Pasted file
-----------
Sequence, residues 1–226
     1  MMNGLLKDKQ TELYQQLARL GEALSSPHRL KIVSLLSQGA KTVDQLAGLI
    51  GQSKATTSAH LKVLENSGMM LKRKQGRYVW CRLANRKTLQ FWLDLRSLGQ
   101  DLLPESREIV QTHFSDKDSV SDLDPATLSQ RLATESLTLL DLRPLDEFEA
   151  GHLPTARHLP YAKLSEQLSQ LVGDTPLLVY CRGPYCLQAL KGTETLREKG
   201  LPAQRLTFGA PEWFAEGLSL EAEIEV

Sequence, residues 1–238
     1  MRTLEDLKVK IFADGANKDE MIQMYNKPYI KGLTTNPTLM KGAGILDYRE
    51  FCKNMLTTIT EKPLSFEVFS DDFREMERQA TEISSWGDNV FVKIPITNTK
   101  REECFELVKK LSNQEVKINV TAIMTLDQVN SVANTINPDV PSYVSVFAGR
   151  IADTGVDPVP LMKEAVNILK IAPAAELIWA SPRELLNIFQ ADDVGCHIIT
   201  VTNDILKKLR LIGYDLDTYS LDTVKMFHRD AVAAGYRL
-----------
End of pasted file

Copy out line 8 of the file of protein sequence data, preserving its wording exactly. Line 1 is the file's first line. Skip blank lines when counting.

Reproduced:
     1  MRTLEDLKVK IFADGANKDE MIQMYNKPYI KGLTTNPTLM KGAGILDYRE